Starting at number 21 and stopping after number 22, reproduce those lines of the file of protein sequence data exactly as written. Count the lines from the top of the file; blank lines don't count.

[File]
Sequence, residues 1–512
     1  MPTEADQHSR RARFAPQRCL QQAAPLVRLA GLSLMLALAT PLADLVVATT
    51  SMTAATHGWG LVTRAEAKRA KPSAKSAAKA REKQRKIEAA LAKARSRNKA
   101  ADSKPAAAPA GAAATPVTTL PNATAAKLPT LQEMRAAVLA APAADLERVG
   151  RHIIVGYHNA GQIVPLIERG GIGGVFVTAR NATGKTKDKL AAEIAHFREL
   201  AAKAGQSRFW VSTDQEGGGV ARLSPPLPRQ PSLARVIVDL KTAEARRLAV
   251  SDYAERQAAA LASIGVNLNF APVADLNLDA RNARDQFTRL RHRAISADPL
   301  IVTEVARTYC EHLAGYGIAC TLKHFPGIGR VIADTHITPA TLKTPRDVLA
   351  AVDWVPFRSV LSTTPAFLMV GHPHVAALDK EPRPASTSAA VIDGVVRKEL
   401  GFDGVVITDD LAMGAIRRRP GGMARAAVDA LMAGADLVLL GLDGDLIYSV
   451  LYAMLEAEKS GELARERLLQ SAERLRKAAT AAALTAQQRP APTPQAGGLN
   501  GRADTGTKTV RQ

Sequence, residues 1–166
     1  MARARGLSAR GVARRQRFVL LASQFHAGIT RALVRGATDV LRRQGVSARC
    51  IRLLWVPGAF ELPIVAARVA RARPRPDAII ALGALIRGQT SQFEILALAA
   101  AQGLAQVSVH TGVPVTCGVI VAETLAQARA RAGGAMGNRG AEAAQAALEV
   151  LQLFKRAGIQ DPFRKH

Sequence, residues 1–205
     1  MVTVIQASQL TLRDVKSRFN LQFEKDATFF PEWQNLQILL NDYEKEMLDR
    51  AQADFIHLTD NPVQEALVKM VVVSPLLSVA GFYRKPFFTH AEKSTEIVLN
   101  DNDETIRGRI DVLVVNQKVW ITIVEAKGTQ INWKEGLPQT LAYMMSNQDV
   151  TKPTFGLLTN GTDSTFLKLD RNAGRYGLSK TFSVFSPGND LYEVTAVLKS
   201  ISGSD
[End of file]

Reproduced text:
   101  DNDETIRGRI DVLVVNQKVW ITIVEAKGTQ INWKEGLPQT LAYMMSNQDV
   151  TKPTFGLLTN GTDSTFLKLD RNAGRYGLSK TFSVFSPGND LYEVTAVLKS